Objective We designed and developed two interactive apps interfaces for dietary food measurements on mobile devices. The user-centered designs of both the IPI (interactive photo interface) and the SBI (sketching-based interface) were evaluated. Four types of outcomes were assessed to evaluate the usability of mobile devices for dietary measurements, including accuracy, absolute weight differences, and the response time to determine the efficacy of food measurements. Methods The IPI presented users with images of pre-determined portion sizes of a specific food and allowed users to scan and then select the most representative image matching the food that they were measuring. The SBI required users to relate the food shape to a readily available comparator (e.g., credit card) and scribble to shade in the appropriate area. A randomized controlled trial was conducted to evaluate their usability. Results A total of 108 participants were randomly assigned into the following three groups: the IPI (n = 36) and SBI (n = 38) experimental groups and the traditional life-size photo (TLP) group as the control. A total of 18 types of food items with 3–4 different weights were randomly selected for assessment by each type. The independent Chi-square test and t-test were performed for the dichotomous and continuous variable analyses, respectively. The total accuracy rates were 66.98%, 44.15%, and 72.06% for the IPI, SBI, and TLP, respectively. No significant difference was observed between the IPI and TLP, regardless of the accuracy proportion or weight differences. The SBI accuracy rates were significantly lower than the IPI and TLP accuracy rates, especially for several spooned, square cube, and sliced pie food items. The time needed to complete the operation assessment by the user was significantly lower for the IPI than for the SBI. Conclusion Our study corroborates that the user-centered visual-based design of the IPI on a mobile device is comparable the TLP in terms of the usability for dietary food measurements. However, improvements are needed because both the IPI and TLP accuracies associated with some food shapes were lower than 60%. The SBI is not yet a viable aid. This innovative alternative required further improvements to the user interface.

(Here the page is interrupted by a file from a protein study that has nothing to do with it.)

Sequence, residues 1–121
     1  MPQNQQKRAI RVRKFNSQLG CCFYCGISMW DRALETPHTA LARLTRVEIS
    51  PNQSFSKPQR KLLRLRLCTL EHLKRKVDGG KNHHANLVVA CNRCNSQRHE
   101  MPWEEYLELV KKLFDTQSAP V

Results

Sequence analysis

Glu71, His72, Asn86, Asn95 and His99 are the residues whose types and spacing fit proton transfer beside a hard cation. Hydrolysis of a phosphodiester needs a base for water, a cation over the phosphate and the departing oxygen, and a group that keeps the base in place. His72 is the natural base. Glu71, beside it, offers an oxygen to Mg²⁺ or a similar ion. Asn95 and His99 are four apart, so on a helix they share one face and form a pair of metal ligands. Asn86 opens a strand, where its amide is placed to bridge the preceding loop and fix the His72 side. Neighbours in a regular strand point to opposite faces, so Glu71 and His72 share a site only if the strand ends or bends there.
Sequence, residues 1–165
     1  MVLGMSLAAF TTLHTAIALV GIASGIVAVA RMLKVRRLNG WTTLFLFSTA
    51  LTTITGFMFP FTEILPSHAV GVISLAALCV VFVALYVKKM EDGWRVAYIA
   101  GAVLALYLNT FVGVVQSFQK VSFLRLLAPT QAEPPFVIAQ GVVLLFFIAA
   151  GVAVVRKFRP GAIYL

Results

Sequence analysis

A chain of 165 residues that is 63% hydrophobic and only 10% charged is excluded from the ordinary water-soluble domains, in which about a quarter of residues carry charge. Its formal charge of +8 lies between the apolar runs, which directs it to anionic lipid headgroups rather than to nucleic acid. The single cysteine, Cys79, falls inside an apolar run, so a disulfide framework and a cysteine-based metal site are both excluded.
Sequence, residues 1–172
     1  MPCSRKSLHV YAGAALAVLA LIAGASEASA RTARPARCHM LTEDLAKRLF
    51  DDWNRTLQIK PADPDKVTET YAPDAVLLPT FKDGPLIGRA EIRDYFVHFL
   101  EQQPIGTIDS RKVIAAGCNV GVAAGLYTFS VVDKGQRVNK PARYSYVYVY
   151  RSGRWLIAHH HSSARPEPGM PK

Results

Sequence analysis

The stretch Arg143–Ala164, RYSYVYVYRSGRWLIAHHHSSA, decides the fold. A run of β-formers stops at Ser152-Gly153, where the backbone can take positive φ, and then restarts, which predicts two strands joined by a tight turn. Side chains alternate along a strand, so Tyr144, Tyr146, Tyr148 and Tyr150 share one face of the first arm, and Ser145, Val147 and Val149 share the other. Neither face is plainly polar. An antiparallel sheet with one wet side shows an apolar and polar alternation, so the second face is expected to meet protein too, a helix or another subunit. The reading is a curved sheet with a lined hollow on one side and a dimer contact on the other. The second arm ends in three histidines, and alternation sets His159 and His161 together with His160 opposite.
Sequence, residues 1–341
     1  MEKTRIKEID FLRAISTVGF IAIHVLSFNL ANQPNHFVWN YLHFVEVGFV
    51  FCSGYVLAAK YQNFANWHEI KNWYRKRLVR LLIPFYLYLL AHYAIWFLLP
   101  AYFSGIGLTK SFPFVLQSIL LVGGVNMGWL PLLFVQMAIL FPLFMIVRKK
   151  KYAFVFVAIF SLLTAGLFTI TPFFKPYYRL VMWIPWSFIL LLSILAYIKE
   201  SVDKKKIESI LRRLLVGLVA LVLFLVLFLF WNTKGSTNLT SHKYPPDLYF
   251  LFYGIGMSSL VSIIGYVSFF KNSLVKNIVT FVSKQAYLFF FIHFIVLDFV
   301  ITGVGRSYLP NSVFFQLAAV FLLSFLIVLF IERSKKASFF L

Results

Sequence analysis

Liu, Y. C., Chen, C. H., Lee, C. W., Lin, Y. S., Chen, H. Y., Yeh, J. Y., & Chiu, S. Y. H. (2016). Design and usability evaluation of user-centered and visual-based aids for dietary food measurement on mobile devices in a randomized controlled trial. Journal of Biomedical Informatics, 64, 122–130. https://doi.org/10.1016/j.jbi.2016.10.001